Coachways B-151, a 1947 Western Flyer "Bruck" bus-truck
From The Thunderbird, Vol. 1, No. 1, June-July 1966:
New Twist To An Old Refrain:
Every bus operator is quick to voice the opinion that service is the big factor in encouraging new business, but Coachways did something about it. Realizing the need, created by increased northern business activity, for a dependable, frequent express service, Mickey Collins set out to design a custom carrier that would combine passenger facilities with increased express capacity, He found exactly the answer in "The Bruck". Directing the entire project, he had the unit custom made by Western Flyer Coach of Winnipeg.
The Coachways garage at Dawson Creek, BC
At first a highway oddity, "The Bruck" was quick to prove itself in
service. Reaction was immediate and favorable, so favorable that each year has seen additional units ordered and placed in service until there are at present ten of these "Brucks" operating in Northern Alberta, Northern BC. and the N.W.T.
First unit of its kind to appear on Canadian Highways, "The Bruck" boasts seating for twenty passengers and an express capacity of 600 cubic feet. The "Bruck", according to Designer Mickey Collins, proved to be "the biggest step forward in company service in recent years".
From "1967 In Review", The Thunderbird, Vol. 3, No. 2, March-April 1968:
A total of 53 buses were disposed of during 1967 through the sale of transit systems, school runs, and excess units. Ten new units were added to the bus fleet, including six MC5 Challengers and four GMC 4107 Thunderbirds. Bus innovations this year include four new tandem-axle, 46-passenger, 40-foot-long PD4903 Thunderbirds expected in June. These units have theatre-type seating, no back bench (all seats recline), a retractable rear axle and 403 cubic feet of baggage space.
Among the units disposed of in 1967 were ten of the 12 Western Flyer Brucks. One unit is still in service on the Fairview-Hines Creek run and the other is being preserved. Accommodating 20 passengers and 400 cubic feet of cargo space, the Bruck's exceptionally high clearance and unusual weight distribution made it ideal for its designed purpose of operating over rough roads and pioneering new ones in the north. Some of the units sold have been converted to mobile campers, a combination camper and horse trailer, a mobile home for 20 students travelling to Expo '67, and one prospective buyer was thinking of using a Bruck as a camper in summer and transportation for a hockey team in winter.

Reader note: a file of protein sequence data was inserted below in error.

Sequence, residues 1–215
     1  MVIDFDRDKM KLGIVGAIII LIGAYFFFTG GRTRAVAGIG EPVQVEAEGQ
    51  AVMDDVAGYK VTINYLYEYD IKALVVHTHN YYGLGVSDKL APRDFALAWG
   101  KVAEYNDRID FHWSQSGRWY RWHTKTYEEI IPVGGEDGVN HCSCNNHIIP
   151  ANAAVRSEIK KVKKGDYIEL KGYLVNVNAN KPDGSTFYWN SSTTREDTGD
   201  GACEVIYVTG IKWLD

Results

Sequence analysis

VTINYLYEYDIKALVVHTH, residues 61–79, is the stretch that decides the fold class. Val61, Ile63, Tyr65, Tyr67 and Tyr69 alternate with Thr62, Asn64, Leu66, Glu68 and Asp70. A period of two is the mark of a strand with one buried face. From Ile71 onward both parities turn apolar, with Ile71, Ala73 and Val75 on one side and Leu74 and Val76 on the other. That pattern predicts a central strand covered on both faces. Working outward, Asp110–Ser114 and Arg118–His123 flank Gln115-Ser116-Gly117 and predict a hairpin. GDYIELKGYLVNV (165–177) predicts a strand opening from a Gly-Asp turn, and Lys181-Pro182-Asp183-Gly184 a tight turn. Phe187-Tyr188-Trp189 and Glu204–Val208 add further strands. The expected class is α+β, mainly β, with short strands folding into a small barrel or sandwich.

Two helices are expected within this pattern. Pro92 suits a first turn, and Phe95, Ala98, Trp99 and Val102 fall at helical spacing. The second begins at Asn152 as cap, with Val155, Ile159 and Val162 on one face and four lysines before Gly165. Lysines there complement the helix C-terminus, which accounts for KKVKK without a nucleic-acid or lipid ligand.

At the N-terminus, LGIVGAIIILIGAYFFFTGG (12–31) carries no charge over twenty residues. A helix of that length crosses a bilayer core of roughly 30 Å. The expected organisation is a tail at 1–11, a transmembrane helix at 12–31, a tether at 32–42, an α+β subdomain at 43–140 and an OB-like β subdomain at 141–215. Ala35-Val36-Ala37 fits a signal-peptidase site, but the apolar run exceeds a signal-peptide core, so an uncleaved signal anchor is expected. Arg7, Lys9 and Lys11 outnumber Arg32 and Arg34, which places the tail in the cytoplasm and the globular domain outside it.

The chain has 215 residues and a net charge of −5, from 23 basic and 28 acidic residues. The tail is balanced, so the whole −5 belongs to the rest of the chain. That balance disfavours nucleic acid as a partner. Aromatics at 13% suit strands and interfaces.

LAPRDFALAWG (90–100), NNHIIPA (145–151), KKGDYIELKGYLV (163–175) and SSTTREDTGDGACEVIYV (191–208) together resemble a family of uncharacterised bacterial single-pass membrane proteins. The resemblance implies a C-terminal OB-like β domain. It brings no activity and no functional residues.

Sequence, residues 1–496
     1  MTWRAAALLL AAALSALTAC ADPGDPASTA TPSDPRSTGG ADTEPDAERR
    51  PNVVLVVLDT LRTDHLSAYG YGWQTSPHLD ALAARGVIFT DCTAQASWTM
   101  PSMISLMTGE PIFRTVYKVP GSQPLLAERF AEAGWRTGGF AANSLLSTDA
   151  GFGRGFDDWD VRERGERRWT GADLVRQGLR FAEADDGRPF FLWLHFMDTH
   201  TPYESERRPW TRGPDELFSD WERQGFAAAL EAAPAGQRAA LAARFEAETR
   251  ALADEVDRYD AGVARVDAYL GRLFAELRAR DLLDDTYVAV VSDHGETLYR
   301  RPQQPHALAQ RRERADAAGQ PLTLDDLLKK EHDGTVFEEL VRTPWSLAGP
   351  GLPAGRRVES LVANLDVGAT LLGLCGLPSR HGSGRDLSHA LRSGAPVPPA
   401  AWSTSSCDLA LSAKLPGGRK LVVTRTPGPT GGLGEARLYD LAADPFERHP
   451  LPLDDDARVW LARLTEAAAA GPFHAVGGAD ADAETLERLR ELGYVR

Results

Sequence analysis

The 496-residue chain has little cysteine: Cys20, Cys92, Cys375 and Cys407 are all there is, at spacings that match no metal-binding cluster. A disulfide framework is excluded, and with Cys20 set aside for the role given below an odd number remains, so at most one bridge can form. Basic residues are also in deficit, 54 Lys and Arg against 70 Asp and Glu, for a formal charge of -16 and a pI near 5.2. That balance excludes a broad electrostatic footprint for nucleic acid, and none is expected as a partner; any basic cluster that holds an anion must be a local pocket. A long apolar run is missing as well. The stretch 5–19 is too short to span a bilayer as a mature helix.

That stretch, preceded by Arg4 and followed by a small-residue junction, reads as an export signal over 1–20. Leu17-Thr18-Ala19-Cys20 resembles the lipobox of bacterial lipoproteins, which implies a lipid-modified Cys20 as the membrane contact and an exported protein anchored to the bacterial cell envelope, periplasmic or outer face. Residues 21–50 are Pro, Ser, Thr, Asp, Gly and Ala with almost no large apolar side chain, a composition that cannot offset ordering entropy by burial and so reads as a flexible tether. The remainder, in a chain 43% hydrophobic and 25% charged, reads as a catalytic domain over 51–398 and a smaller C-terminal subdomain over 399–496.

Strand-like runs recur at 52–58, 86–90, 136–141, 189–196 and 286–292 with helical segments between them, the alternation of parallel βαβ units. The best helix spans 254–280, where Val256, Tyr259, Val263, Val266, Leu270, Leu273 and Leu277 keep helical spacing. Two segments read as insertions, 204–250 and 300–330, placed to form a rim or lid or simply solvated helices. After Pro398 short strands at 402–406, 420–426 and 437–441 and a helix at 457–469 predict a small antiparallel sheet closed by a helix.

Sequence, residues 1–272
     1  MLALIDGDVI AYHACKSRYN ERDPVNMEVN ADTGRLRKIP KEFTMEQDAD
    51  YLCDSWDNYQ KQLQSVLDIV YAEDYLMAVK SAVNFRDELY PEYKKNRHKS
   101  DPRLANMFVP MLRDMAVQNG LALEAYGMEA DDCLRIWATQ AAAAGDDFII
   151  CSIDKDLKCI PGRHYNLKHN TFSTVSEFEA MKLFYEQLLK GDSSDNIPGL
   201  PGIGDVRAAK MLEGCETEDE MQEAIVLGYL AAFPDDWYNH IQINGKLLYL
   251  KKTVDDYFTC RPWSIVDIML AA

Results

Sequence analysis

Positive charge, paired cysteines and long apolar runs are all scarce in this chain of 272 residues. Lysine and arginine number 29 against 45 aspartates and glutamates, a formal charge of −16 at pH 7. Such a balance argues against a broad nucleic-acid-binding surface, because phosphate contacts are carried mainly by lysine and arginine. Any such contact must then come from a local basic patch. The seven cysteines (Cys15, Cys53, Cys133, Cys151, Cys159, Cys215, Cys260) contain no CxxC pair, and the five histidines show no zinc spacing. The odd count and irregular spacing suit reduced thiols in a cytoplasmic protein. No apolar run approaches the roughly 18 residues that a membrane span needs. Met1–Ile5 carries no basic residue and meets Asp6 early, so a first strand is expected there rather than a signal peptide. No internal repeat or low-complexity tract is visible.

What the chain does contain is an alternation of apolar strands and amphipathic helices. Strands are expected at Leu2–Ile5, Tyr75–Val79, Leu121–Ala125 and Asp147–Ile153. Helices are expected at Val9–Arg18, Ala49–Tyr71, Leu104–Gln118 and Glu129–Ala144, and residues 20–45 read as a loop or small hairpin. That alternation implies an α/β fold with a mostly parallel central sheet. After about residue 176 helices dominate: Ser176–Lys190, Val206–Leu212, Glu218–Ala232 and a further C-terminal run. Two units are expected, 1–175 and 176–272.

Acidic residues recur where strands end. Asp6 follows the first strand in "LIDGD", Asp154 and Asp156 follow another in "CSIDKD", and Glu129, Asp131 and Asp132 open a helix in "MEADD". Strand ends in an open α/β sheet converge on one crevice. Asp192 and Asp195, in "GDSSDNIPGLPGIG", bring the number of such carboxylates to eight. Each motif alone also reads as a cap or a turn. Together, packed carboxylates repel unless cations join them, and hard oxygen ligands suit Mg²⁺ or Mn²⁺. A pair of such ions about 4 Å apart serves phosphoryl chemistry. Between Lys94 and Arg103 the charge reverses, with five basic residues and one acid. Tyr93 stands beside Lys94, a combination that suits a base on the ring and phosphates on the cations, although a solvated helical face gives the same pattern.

The CPTDB Wiki, compiled by members of the Canadian Public Transit Discussion Board, has a list of all of the Brucks as well as the other motorcoaches up to 1966 (they list 13 of them, not 12 as stated in the article above, and they start in 1947, not 1943 as Wikipedia states below).
Wikipedia has this to say about brucks in North America:
The first brucks in North America were introduced in Canada by Western Flyer Coach in 1943. This is also where the word bruck comes from. The company built both new brucks, and some were rebuilt from other buses, for Canadian Coachways, who operated a number of these in the far north. They had a storage compartment accessible from the outside by a rear door, replacing the last rows of seats.
In the United States, the brucks were introduced in 1951, when Kenworth built a tri-axle one for Northern Pacific Railroad, which had a front part for 17 passengers and a taller, 18 ft long cargo compartment and a 136 hp Hall-Scott engine. Brucks were also available from Crown Coach, both as a 40 ft tri-axle carrying 20 passengers and with a 20 ft cargo compartment, or as a shorter 35 ft two-axle with 12 seats.
Kenworth also delivered a batch of twelve tri-axle brucks to Great Northern Railway in Montana, where the front half was based on the Kenworth Model T-126 SchoolCoach body, while the second half was custom built. They were fitted with a Hall-Scott under-floor "pancake" engine. One of these, that had been doing the local route from Kalispell to Whitefish and Columbia Falls between 1951 and 1971, have been preserved and is exhibited at the Whitefish Depot.
Bus & Motorcoach History: Yukon & Northern British Columbia